[0054] copying from a digital camera to the directory “vacation images” on a computer

[0055] storing on a CD-ROM entitled “July CD”

[0056] emailing to user@home.net

[0057] printing

[0058] posting to World Wide Web server for display

[0059] ordering prints from a commercial image printing service or a printer on a network

[0060] ordering products bearing or otherwise containing the image, such as a candle with the image

[0061] archiving the image, e.g., at an Internet-based archival service

[0062] Note that history attributes are not limited to any particular action that may be performed with an electronic image, although the exemplary actions listed above deal with placing images in various locations, either copying them to directories in a connected computer, storing them on removable media, transmitting them via email to given addresses, or printing them. As much information as desired about the action may be stored in the history attribute, including date and time, source and destination of the electronic image during the action, extra identifying information about the destination, the identity of the user who commanded the action, etc. This list is not meant to be exhaustive, either in the specific actions listed or the details included in exemplary history attributes.

[0063] Various exemplary configurations for history attributes are illustrated in FIGS. 10-12. In one exemplary embodiment (FIG. 10), the history attribute 160 consists of a single text field containing a record of multiple actions 162, 164, 166 and 170. The text field is expandable so that as a new action is performed with the associated electronic image, a new line is added to the history attribute 160. This configuration is easily readable and displayable, as the history attribute can simply be opened into a text viewer, but searching for particular actions or action details is inefficient.

[0064] Another exemplary embodiment is illustrated in FIG. 11, wherein the history attribute 180 is divided into fields 192, 194, 196 and 198, each containing a single action 182, 184, 186 and 190, respectively, in text format. In this embodiment, a new field is added for each new action performed with the associated electronic image. To access and display the history attribute 180, a viewer may be programmed to display one field per line, wrapping the text as needed to fit in the display, as is well known.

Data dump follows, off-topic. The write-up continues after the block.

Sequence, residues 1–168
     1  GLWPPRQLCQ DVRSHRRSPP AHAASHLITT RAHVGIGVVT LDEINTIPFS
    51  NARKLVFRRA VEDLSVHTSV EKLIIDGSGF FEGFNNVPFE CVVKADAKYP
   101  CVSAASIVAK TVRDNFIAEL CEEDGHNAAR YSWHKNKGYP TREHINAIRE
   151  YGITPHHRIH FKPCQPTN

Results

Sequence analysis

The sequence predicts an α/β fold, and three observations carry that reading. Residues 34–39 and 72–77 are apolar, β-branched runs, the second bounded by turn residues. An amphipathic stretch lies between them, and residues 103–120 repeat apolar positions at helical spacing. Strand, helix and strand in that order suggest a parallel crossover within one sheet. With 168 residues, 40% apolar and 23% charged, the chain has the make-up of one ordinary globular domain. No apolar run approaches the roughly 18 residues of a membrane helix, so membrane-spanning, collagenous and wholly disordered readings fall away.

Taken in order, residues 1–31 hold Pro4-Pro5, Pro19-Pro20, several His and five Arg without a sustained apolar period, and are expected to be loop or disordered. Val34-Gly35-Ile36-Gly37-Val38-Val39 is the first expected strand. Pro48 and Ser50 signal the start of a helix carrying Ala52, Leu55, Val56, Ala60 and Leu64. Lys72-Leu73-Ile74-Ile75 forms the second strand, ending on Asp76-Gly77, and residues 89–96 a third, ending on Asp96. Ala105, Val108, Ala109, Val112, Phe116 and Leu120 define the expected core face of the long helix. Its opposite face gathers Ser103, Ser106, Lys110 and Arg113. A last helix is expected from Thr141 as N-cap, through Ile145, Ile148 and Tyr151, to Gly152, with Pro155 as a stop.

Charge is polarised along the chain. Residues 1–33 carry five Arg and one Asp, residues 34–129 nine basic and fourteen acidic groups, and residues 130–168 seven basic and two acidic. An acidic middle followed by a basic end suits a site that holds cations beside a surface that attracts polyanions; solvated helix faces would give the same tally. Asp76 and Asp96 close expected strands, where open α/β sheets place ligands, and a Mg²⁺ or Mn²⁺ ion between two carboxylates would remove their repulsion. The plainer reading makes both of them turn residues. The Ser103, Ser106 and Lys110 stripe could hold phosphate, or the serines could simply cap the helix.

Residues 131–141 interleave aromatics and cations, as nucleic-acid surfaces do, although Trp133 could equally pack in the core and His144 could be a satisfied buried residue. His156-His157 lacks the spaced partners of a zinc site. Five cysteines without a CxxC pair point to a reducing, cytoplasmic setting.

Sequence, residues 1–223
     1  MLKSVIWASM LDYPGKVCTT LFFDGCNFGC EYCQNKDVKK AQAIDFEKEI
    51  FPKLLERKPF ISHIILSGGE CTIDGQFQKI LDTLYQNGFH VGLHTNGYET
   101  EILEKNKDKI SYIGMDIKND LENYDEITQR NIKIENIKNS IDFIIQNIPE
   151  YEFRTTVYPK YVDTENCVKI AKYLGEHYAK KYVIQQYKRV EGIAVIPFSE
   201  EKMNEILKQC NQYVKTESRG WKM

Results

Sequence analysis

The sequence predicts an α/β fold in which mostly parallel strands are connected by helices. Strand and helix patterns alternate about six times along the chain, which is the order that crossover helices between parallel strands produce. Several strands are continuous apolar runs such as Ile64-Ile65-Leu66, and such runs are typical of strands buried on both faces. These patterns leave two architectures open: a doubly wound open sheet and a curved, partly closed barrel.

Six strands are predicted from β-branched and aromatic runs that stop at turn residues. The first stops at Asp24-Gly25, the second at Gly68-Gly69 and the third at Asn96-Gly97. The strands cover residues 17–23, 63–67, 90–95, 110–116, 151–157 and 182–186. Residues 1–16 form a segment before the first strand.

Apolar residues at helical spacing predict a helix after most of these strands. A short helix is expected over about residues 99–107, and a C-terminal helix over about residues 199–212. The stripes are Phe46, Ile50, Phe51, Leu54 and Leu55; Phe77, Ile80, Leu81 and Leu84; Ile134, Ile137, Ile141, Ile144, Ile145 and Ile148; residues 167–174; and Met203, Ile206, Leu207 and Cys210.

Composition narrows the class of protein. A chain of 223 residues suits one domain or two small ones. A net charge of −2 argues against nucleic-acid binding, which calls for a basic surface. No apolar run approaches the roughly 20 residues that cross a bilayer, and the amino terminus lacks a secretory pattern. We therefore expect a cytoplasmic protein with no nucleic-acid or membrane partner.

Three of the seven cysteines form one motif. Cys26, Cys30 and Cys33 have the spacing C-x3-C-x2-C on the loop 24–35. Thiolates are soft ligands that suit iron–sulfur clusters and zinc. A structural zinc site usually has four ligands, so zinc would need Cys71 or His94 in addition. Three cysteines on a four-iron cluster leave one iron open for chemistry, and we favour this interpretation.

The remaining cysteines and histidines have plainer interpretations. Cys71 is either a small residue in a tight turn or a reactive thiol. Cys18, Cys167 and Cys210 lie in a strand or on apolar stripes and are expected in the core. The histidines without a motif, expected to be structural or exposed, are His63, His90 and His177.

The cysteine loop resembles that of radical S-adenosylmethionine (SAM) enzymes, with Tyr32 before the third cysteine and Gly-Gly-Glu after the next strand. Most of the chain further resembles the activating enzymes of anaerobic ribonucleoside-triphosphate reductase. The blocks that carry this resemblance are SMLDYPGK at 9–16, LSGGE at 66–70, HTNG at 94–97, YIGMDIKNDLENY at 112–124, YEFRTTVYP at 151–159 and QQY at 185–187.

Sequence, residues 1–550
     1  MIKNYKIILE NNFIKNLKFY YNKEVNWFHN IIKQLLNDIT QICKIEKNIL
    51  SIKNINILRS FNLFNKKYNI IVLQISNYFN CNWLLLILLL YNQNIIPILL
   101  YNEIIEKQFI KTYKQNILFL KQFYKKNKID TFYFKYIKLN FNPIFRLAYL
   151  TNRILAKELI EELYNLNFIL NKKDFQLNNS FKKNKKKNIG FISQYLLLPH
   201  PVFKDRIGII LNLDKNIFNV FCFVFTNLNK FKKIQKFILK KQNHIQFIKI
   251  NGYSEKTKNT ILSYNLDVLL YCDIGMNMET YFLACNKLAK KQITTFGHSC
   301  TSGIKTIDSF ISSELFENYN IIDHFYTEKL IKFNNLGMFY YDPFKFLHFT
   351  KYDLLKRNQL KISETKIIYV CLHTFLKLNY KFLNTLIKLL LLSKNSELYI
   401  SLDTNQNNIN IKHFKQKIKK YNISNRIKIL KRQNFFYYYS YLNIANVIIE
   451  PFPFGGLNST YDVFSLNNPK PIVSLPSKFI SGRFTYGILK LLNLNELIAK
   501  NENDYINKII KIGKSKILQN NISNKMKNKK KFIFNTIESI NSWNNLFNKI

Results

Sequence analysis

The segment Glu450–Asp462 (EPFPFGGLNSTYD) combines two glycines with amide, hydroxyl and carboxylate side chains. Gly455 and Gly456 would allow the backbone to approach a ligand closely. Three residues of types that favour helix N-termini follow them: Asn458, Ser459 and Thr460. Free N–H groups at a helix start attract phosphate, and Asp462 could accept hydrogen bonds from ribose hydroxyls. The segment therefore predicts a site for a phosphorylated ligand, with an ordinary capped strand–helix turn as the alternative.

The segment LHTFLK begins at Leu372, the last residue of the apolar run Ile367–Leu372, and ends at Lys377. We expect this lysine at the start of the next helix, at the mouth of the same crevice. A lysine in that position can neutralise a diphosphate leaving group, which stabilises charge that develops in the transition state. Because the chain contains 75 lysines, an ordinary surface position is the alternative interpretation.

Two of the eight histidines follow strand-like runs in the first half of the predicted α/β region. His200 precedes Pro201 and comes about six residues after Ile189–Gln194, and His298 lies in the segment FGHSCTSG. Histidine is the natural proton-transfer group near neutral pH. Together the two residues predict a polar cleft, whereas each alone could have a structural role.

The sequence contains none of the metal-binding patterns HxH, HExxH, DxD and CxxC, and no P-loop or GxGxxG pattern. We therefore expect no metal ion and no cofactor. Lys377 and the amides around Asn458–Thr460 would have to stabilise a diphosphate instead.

[0065] Another exemplary embodiment is illustrated in FIG. 12, wherein the history attribute 200 is further subdivided in typical database or spreadsheet format so that each action is recorded in a record (e.g., 202). Records (e.g., 202) are divided into fields, such as action 204, source 206, destination 210 and date 212 fields. This configuration may complicate access and display of the history attribute 200, although accessing information in this format for display is well known. Searching, however, may be much more efficient when action information is stored in this format.

[0066] Alternatively, history attributes may be encoded rather than storing them in text format, reducing the required storage space. For example, each potential action may be assigned a code, requiring only a few bits of storage space, with action details similarly encoded if desired. However, encoding the history attributes requires that software accessing the history attributes include special programming to interpret the codes, unlike the text format history attributes described above.